Tuesday, December 28, 2010

Kurrawa to Duranbah


Here i my belated race report from K2D, earlier in December.

We were up at 0315 to drive down to the Gold Coast for this one, and I must've slept for only four hours. However, as we lined up at the start, I realised that the 60km run/walk up Mount Glorious on the back of a completely sleepless night had adequately prepared me for this. Nic wished me a good race, and we were off.
I started at a ridiculous pace, running through the streets of Broadbeach with the chase-pack; a mixture of upper-end 25km runners, and some of the fastest 50kers.

I felt suprisingly good, despite the pace, until my calves started to cramp around 15kms. My fears of going too fast were reinforced when I talked to Tressa Lindenberg, who had recently finished eigth at the 50km World Championships in Dublin. Nevertheles, I managed to stay near to her through Burleigh Heads and over the bridge, until I had to take an ill-timed dump in the bushes. This robbed me of a couple of minutes, and by the time that I had returned to the course, I was no longer running with the hot-shots, but was still around tenth place. I pushed hard to the turnaround, encouraging a 25km relay runner who was just behind me. He pulled ahead on the final hill (that I would see again on the way back), while I slowed to a walk, overtaking the guy in the blue shirt who had been running in front of me since the pit-stop. I hit the turnaround in 1:55:28, realising that I had nearly PB'd 10km, and had definitely PB'd the half-marathon and 25km. I would certainly fade later on, I thought, but I believed that a sub-4:30 time was assured.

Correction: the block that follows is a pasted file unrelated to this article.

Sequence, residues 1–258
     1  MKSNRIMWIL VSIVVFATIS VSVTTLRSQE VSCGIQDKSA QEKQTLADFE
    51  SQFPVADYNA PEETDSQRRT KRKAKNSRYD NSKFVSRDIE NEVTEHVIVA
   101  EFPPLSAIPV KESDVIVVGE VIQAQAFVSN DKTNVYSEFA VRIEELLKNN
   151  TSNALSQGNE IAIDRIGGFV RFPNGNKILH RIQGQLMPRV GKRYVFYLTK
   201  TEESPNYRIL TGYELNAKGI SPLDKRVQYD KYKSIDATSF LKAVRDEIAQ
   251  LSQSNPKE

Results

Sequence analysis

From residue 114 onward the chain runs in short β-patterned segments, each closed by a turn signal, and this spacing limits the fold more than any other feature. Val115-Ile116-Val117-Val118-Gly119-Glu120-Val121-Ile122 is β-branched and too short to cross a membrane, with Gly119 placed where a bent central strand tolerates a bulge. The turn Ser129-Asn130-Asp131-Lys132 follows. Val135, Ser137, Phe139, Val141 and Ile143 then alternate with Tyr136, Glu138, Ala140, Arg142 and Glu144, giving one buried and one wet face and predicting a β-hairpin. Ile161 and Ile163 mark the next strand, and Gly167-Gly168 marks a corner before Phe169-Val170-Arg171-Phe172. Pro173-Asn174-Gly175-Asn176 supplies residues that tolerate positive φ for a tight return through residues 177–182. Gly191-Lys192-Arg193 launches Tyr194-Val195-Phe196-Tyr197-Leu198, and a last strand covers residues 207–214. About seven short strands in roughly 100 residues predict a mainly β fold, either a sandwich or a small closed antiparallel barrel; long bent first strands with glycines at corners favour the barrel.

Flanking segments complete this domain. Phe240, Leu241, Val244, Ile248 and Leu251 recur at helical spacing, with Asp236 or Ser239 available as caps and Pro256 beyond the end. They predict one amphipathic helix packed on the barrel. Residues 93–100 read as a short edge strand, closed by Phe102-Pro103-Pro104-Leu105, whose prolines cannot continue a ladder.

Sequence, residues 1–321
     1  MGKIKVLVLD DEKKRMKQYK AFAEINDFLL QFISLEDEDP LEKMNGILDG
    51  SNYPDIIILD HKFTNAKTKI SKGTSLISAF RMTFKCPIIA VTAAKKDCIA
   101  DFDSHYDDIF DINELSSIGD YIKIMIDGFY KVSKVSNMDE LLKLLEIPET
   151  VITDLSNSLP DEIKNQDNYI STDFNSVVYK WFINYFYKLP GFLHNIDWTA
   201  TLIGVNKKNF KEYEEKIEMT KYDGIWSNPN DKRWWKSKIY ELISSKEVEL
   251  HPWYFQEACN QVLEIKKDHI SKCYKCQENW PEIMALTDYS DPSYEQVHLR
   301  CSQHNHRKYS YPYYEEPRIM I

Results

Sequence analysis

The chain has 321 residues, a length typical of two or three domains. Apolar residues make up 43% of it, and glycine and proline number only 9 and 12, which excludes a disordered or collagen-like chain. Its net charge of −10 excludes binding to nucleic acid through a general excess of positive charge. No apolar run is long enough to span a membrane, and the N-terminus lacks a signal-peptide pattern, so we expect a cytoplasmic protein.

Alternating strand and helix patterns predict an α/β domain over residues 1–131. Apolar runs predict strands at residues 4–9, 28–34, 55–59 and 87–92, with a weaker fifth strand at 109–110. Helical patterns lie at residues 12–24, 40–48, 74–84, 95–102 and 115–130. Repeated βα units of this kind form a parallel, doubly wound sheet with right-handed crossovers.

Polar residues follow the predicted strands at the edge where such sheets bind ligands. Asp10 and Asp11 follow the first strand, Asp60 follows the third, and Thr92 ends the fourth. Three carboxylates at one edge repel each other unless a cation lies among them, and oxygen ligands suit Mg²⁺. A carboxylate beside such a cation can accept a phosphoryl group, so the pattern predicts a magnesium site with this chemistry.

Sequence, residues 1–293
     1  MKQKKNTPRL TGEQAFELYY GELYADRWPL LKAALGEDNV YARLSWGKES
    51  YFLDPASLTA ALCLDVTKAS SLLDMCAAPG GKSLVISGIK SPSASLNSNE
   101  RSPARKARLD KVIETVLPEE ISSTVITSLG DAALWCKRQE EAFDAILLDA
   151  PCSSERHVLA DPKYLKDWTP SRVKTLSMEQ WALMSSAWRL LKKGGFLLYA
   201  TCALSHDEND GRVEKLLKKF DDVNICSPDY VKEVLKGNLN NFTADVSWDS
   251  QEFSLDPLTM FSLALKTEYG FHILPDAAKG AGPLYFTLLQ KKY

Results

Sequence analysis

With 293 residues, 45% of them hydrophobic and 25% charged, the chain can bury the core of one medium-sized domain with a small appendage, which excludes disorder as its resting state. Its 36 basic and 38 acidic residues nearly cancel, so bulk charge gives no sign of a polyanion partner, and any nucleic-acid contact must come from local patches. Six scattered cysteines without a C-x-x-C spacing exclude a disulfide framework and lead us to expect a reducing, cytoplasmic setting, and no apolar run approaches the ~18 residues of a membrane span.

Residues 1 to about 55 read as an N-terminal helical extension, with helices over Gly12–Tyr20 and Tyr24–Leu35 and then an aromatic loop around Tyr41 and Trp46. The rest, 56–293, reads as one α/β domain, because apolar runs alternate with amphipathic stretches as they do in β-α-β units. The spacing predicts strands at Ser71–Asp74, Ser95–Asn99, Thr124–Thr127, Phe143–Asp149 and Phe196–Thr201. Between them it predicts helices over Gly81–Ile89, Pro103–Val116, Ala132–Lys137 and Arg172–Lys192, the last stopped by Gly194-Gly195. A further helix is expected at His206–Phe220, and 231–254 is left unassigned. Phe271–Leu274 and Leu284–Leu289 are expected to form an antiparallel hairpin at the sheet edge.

Sure enough, I was passed by a few people on the way back, including Nic at 35km, who had seemed dead at 30km.
I had made the mistake of bringing gel-lollies to keep my energy up, without having tried them first. They were pretty chewy and very hard to keep down; I hacked up small amounts regularly. I had also forgotten to bring salt, which was the cause of the cramping which I had not experienced in the past.
From 35km onwards, I ran with Trevor, who also seemed to be in a world of hurt. At first, I would pull away from him when running, but when I walked for a bit, he would catch up. However, after the 40km point, he appeared to have been given a new lease of life, and was definitely the stronger runner out of the two of us. With about 6km to go, my mind was fried from the cramps, and I had to let him go. It was a shame; we had worked really well together.
I then proceeded to walk more frequently, and then from 46km to 49km I did no running. My chance of finishing under 4:30 was shattered, but it was really my own fault. I couldn't find the strength when I needed it, and really psyched myself out, using the cycling trip the week before as an excuse.
With 500 metres to go, I was nearly caught by another runner. I thought of conceeding my place to him, but decided to pull what is becoming my signature move; I ran really hard for 300 metres to demoralise him, an then cruised to the finish for a final time just under 4:37.
My race had been good, despite the fact that I had made a host of elementary errors (food choice, no salt, going out too hard). I was incredibly grateful to all of the volunteers working the aid-stations, to Trevor for helping to drive me onwards, and to Nic, who had given me a lift up and back and plenty of valuable advice.

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